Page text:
This article on the Daily Beast by Jay Michaelson spotlighted a trend that I’ve noticed and wondered about the reasons for: in America these past few years, LGBT rights are making great strides, while women’s rights continue to fall further and further behind. The contrast between the health of these two progressive causes is striking, and cries out for an explanation.
Same-sex marriage is winning victory after victory, including in red states like Kentucky and Utah, to the point where even the enemies of marriage equality concede it’s only a matter of time before it becomes a reality in all fifty states. Anti-gay marches are sputtering and fading, drawing immense frustration from the preachers of the religious right, and a slew of major corporations are deciding that it’s good business sense to endorse gay rights, even though anti-gay conservatives may scream and rage.
But at the same time, women’s rights and reproductive choice are suffering: as in the Supreme Court’s striking down buffer zones around abortion clinics, or the awful Hobby Lobby decision, which allowed corporations to deny birth control coverage to female employees based on religion. Even more outrageous, the court’s conservatives said that this ruling was no big deal because there was a compromise: the government could provide coverage separately, through the insurance companies, without involving a woman’s employer. Just a few days later, those very same justices ruled against the compromise which they themselves endorsed, granting an injunction to an evangelical college which found even that unacceptable. (As I’ve said many times, the real and unsubtle agenda of the religious right – Catholic and evangelical alike – is to prevent women from using birth control by any means necessary.)
And while even deep-red-state legislators and governors have balked at passing right-to-discriminate bills aimed at gay people, those same states have been stacking up hurdles in the path of women seeking abortion: from onerous waiting periods to invasive TRAP laws, regulations designed to be impossible to comply with, that are shutting down clinics at a frightening rate. Catholic hospitals are gobbling up secular chains and bluntly denying women reproductive care, even at the cost of their lives. Wide swaths of the country have no legal abortion access at all.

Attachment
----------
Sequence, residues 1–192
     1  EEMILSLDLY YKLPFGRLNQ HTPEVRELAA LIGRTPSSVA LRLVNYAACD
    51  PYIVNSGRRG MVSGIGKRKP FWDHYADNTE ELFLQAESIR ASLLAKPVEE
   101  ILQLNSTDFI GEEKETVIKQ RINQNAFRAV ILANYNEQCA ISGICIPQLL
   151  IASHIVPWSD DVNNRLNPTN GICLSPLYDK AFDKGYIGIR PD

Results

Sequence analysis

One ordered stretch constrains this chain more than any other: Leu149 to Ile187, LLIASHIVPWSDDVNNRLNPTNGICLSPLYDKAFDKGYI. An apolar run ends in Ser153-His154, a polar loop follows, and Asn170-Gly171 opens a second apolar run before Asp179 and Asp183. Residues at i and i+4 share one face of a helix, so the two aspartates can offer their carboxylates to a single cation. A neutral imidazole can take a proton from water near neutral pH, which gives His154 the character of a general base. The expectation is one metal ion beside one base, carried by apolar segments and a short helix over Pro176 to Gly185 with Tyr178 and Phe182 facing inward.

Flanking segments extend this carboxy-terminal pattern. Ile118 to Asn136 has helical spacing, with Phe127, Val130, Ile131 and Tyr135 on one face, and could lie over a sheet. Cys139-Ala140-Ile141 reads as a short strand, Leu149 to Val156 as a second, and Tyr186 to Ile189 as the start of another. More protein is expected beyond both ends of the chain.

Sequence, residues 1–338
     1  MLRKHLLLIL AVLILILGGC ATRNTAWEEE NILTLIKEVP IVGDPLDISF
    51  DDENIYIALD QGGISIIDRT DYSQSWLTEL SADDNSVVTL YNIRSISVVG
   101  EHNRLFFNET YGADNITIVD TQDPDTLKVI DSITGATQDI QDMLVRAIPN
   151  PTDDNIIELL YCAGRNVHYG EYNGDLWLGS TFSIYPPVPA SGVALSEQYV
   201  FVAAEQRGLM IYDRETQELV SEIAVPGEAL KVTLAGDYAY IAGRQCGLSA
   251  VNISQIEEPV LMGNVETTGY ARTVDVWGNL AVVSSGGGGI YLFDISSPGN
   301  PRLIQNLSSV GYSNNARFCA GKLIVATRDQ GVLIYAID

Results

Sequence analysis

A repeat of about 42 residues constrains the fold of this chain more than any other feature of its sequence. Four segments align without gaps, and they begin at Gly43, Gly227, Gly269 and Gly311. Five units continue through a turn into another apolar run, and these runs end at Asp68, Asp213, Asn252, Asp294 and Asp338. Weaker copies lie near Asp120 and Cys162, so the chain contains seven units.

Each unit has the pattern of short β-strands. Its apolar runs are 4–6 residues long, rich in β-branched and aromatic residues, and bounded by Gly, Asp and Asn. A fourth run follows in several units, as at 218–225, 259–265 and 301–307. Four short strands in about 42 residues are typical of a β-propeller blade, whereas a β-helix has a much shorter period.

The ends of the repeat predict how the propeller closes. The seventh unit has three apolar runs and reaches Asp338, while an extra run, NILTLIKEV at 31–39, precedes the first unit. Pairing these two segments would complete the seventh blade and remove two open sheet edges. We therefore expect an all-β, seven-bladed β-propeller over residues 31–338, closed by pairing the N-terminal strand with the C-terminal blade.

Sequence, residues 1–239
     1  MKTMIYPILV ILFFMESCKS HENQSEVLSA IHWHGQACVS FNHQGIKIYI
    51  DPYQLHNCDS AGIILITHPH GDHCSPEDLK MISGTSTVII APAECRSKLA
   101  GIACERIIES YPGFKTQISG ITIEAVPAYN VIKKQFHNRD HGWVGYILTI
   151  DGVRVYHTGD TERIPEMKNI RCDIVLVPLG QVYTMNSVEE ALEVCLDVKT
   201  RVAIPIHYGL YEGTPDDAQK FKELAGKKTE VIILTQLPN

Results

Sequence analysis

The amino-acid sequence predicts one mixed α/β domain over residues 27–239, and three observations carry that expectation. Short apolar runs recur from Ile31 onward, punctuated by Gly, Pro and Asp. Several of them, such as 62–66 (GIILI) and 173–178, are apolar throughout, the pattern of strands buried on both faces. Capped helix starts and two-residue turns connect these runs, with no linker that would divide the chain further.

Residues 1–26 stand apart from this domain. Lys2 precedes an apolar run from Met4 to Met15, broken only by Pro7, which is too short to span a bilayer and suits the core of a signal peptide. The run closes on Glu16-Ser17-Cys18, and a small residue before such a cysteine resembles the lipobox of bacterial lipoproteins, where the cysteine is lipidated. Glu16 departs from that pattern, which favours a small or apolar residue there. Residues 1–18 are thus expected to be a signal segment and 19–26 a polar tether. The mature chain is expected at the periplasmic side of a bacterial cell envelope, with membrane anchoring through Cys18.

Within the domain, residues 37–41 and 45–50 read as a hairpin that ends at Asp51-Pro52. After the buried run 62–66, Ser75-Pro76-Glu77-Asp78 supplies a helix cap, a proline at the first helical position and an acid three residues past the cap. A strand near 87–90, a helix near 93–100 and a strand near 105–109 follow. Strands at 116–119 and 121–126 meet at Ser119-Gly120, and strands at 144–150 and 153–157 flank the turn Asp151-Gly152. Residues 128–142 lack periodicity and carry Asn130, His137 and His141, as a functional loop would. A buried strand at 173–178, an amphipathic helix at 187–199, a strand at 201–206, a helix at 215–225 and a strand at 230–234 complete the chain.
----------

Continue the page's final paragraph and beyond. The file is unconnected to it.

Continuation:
Michaelson’s article proposes ten explanations. Some I find plausible, others less so: for example, he proposes that interfaith leaders have been more involved in LGBT rights than in feminism. To the contrary, any honest appraisal would have to conclude that in the pews, the enemies of gay rights vastly outnumber its supporters in numbers and influence, possibly even more so than is the case for feminism.
I have a few thoughts of my own about this. One factor that might be relevant is the role of class: the women who are most harmed by barriers to access are the poor and disenfranchised, whereas wealthy women can always travel to places where the laws are less restrictive. But anti-gay discrimination cuts against people regardless of social class, which means there’s a more compelling reason for everyone affected to organize into a united front.
To be blunt, another major reason is Anthony Kennedy. The fact is that there are five votes on the Supreme Court for gay rights, but not for reproductive freedom. And that realization can’t help but trickle down into the lower courts that have to scrutinize every new law aimed at burdening women or closing clinics.
But I wonder if the biggest reason is that the LGBT rights movement has successfully crafted a clear, straightforward narrative: same-sex couples love and care for each other just like heterosexual couples, want to get married just like heterosexual couples, and they’re being arbitrarily prevented by government officials driven by religious bigotry. It’s obvious what the problem is and what to do about it.
By contrast, the pro-choice movement hasn’t created an equally compelling frame of the issue, at least not in the public’s eyes. And probably a big part of that stems from still-extant regressive, stigmatizing attitudes about sexual ethics. Although we hypocritically use sex to sell everything else, the idea of sex as an end in itself still makes many people intensely uneasy. Gay-rights advocates have had success framing marriage as about love and commitment, rather than sex (not that the religious right hasn’t tried to create the opposite impression); but abortion and contraception are intrinsically linked to sex in a way that’s harder to overcome, which may be why they’re both still treated as unfit for discussion in polite company.
Of course, as I’m a straight man, I don’t have a first-hand perspective on either of these issues, so I’m reluctant to make any definitive statement. And there are probably other reasons that I haven’t thought of. What do you think explains this?